One summer at Fort Hood the company was getting ready for continuation of assembly area operations following supper when the company commander picked my platoon to conduct a squad-size night patrol. I assigned the patrol to my senior squad leader, Staff Sgt. Hipp.
When he returned from his briefing at the company command post, Sgt. Hipp advised me of the patrol route. He also said, “Captain Landers told me to make sure I talked to him when I got back.” Company officers slept in a Tent, General Purpose, Small near the CP track. Sgt. Hipp said, “He said he might be asleep, and I was to wake him up.”
“Okay,” I said.
Sgt. Hipp continued. “He said he was a heavy sleeper and I might have to slap him to wake him up. He said I was to wake him up, no matter what it took.”
I said, “Okay,” knowing I would never have given Sgt. Hipp “no matter what” latitude, unless: (1) the safety of soldiers was involved; (2) and we were in a place where pointy bullets were commonly flying around. That was not the situation in a training exercise.
Sgt. Hipp took his squad out just about dark and got back around midnight. He came to my armored personnel carrier and let me know he was back. He said he had not seen anything of importance. I said, “Okay,” and told him to get some sleep. Neither he nor I mentioned his informing the company commander.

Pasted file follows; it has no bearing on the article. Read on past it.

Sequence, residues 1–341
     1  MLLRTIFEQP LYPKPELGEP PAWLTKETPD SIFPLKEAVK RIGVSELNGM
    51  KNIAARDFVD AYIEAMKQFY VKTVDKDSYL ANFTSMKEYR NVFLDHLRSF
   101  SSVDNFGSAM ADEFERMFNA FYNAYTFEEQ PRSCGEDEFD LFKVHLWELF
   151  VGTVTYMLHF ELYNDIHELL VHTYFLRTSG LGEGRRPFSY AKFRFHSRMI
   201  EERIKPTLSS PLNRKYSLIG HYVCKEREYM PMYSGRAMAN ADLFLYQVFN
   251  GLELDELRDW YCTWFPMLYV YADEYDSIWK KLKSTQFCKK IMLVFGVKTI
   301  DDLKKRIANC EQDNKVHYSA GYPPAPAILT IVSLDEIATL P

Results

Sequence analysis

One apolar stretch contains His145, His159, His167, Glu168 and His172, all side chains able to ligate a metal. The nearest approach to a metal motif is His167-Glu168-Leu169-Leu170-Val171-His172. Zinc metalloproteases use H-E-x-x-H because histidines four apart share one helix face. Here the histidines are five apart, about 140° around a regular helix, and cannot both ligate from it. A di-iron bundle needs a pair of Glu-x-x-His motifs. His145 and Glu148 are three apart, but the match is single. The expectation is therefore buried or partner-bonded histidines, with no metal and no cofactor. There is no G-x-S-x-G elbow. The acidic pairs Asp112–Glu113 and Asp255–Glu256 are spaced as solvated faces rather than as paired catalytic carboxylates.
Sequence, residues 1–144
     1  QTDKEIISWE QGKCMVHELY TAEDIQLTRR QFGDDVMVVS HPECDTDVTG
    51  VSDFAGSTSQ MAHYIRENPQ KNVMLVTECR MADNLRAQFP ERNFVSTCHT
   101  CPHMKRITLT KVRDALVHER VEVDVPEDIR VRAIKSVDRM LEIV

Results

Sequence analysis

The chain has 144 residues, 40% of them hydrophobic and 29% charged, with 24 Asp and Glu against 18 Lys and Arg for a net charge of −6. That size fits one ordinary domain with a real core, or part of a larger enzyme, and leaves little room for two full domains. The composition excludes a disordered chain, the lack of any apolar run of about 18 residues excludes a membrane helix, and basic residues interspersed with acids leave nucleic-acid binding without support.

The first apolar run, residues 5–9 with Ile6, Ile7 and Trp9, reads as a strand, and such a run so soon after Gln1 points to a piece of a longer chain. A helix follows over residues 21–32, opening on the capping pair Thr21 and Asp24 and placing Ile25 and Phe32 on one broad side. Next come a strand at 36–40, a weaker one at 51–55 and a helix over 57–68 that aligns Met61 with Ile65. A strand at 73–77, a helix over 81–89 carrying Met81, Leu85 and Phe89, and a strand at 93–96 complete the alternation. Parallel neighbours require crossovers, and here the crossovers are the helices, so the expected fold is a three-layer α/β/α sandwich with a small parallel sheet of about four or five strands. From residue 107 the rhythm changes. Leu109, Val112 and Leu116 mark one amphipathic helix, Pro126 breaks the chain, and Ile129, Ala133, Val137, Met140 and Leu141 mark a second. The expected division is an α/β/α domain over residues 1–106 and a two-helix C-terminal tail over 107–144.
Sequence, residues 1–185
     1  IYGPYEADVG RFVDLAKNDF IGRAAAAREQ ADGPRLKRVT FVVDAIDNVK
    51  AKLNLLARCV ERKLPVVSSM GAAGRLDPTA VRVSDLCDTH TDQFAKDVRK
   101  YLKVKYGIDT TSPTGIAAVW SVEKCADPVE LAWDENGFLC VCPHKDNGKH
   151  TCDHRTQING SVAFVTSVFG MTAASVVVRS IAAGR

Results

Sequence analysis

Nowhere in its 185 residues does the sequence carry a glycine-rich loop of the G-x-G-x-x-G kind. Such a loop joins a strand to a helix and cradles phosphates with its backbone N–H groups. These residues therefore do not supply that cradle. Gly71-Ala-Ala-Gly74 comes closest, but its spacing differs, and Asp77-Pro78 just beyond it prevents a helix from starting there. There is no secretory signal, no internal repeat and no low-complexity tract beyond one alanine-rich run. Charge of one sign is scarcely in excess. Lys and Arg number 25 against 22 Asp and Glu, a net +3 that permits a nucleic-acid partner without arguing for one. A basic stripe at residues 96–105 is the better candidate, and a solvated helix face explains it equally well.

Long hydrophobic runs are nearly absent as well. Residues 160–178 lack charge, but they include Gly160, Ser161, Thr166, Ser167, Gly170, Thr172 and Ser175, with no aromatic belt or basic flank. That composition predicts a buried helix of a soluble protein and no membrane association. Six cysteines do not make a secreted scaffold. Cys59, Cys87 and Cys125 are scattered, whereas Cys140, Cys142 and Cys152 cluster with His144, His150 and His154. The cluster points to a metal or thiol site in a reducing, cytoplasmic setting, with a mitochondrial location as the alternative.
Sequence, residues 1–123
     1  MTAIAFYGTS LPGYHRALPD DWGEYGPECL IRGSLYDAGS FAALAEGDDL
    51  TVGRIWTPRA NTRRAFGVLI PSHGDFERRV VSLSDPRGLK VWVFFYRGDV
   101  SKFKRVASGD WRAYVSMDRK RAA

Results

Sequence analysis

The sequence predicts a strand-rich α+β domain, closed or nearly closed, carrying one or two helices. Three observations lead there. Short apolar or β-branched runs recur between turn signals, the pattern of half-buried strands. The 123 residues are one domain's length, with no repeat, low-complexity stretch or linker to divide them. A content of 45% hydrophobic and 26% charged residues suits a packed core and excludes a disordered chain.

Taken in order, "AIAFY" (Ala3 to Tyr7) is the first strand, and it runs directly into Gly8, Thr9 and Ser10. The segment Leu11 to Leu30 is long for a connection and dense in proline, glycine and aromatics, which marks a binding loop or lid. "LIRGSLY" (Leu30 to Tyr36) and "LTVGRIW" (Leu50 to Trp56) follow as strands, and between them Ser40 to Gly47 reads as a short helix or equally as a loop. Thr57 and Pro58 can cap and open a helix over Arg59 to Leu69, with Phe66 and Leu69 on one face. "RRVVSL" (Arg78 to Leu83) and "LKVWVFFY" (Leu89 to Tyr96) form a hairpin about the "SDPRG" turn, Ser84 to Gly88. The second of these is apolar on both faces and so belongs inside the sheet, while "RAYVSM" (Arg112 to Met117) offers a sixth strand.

Next morning, just after breakfast, Sgt. Hipp and my other two squad leaders were at my APC when the company commander walked up. We all saluted and said, “Good morning, Sir.”
Capt. Landers returned our salutes and said, “Good morning.” Then he looked at Sgt. Hipp. He said, “Did you try to wake me up last night?”
“Yes, Sir,” Sgt. Hipp replied. “I did just what you told me to do.”
The captain stood a little straighter and leaned his head forward. He said, “Did you slap me?”
“Yes, Sir,” Sgt. Hipp said. He had an almost grin on his face.
The captain said, “How hard did you slap me?”
My mind was saying, That’s a dumb question to ask, but before I could make a statement of interference, Sgt. Hipp slapped the captain. Hard. “’Bout like that, Sir.”
I stood there, thinking, “Holy cow.”
Capt. Landers didn’t say anything for a few seconds. He continued staring at Sgt. Hipp. Then he said, “Don’t ever do that again.” He walked away before any of us could salute. I guess he heard Sgt. Hipp’s “Yes, Sir.”